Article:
Video Art Gallery

Artists who work with the moving image had a bad rep in the art world for a long time. “They weren’t interested,” says video and digital artist Chris Meigh-Andrews, “They saw video as ephemeral — it didn’t keep well, and it could be reproduced so there was no difference between the copy and the original.”

Video art has been slowly growing in popularity since the advent of electronic video in the 1960s. This year saw the launch of London’s first commercial gallery dedicated to the moving image — the Video Art Gallery. Current exhibition Punctum — running until 16 December 2007, features artists including Chris Meigh-Andrews, Laurent Pernot, Silvia Battista, Jonathan Moss and John Blandy. The exhibition promises to showcase groundbreaking new art works and is set to challenge the position of video in the art world.

It’s a position that needs challenging. The YouTube phenomenon has pushed commercial success and credibility further out of reach for video artists. In this new digital age, when anyone can have a bash at creating art in any medium they choose, how does one define the term “artist” anymore?

“Being able to communicate something that’s complex and that isn’t merely information,” says Meigh-Andrews, “I think to ask why is this thing art and this thing not art, it depends on how deeply it strikes people.”

The issue of the Internet ruining video art seems to be a bit of a non-starter. Earlier this year the Museum of Modern Art in New York projected work by LA video artist Doug Aitken onto its walls for New Yorkers to watch for free, yet a trawl through the Internet brings little in the way of actual video art. It seems promises of increased exposure pale in significance when your work must be squashed into a tiny, jumpy screen on someone’s laptop. “It hasn’t changed the value,” explains Meigh-Andrews, “It hasn’t changed the art market — it’s not the same to download something and to buy an expensive video and have it in your collection.”

For Meigh-Andrews, the history of photography is central to his work. “I believe that photography and the moving image are the same medium, they have the same cultural heritage,” he says, “It’s about freezing time, but also stretching it.”

Meigh-Andrews works with some of the earliest examples of photography, re-imagining them for the modern world. View of the Wawel Castle from Debnicki Bridge (after Ignacy Krieger) is a free variation on Krieger’s late 19th century work that captured this symbol of Polish history — thanks to digital editing, video, and the adding of real, recorded sounds from the bridge, the photographs used for this installation are both still and moving.

Curated by the Video Art Gallery, Punctum shows video art works inspired by traditional art forms; side-by-side with works on canvas and paper that have taken video art as their starting point. The exhibition promises to bring renewed interest in artists that work with the moving image. For featured artist, Laurent Pernot, video is the perfect medium for his melancholic meditations on the visible and the ephemeral. He describes his work: “Like moving through good or bad dreams — a solitary journey through the interior of a world in which the images bring together the imaginary and the marvellous, the poetical and the absurd, fiction and fantasy, action and timelessness, with all their possible combinations. A space on the boundaries of reality, but one that inevitably refers to reality.”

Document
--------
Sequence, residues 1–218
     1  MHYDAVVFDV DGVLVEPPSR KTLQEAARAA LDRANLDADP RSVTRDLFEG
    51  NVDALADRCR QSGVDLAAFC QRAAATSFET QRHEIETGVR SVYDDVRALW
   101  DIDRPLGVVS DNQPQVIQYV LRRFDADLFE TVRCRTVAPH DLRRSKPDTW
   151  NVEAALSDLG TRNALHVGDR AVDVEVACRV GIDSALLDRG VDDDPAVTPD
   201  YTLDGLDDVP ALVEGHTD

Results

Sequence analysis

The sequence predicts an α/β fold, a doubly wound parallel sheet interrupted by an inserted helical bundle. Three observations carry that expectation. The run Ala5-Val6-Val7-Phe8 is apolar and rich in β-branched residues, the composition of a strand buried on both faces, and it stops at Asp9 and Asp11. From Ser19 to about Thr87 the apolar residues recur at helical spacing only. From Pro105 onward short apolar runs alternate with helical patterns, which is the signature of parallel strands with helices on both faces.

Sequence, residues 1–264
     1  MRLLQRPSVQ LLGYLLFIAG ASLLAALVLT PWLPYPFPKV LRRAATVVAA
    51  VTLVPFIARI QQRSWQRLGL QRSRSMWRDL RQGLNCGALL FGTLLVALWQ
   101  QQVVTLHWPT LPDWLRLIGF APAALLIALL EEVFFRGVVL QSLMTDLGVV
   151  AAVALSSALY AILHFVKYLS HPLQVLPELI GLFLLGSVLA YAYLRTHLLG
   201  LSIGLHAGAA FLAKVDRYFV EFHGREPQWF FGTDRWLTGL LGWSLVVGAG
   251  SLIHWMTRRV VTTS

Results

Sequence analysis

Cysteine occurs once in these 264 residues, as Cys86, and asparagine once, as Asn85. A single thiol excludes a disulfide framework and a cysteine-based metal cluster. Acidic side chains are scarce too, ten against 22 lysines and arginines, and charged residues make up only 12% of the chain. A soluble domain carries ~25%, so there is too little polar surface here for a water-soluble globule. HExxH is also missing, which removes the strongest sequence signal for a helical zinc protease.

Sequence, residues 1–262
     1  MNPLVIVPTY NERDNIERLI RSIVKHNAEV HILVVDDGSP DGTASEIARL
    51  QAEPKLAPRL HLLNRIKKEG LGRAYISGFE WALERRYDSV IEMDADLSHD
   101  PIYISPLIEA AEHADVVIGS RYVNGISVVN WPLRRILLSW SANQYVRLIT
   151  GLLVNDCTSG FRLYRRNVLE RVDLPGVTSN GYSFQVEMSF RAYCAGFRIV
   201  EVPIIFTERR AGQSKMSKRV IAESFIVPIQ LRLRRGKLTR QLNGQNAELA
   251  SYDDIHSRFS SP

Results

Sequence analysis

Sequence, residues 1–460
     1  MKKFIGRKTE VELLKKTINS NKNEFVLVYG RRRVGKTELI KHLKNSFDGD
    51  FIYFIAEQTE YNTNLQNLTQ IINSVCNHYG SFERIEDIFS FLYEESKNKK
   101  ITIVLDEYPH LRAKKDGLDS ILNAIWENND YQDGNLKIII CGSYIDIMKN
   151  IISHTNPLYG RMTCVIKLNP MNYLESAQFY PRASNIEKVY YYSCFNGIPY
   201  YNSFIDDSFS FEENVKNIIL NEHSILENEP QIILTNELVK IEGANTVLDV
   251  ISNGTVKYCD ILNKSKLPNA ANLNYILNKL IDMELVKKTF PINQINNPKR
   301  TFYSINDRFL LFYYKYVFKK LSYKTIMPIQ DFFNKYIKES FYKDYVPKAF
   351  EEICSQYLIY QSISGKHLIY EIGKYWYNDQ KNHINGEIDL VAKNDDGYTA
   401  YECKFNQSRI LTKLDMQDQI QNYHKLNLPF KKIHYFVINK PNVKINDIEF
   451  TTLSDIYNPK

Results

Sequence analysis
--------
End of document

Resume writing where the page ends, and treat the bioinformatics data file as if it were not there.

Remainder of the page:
Former painting restorer Silvia Battista’s work deals with mythical subjects such as Icarus, “My aim was to imagine the dream of a fictional character,” she says of Icarus’ Dream, “To give a body to the psychological life of a mythological being as Icarus, that so well represents the danger and the beauty of being young.”

Battista has worked with such diverse collaborators as the University for Film & Television in Prague and the Death Row Department of the Maximum Security Prison in Huntsville, Texas — for whom she produced A Message Before Leaving.

St Martin’s alumnus, John Blandy’s past work has included pastel paintings of a single lime tree in Queens Park, London, painted on a regular basis over the course of nine years. “It’s like you go out and have a conversation with somebody,” says Blandy of his Lime Tree Series, “It’s an evolving thing. While the images remain formally the same, things happen, things change.”

Jonathan Moss’ videos explore microcosm and macrocosm, they compare the small and the monumental. Recent projects have included Moss exploring his Jewish roots through the recreation of the “sense of place” of Camp Joffre, a ruined WWII detention camp situated near to his home in south-west France. “My videos and paintings, which explore journeys, ‘sense of place’ and the beauty of a natural world have now become an exploration into my own heritage: two worlds have collided.”

Punctum was at The Video Art Gallery in Redchurch Street, London E2, until 16December 2007.

Poppy O’Neill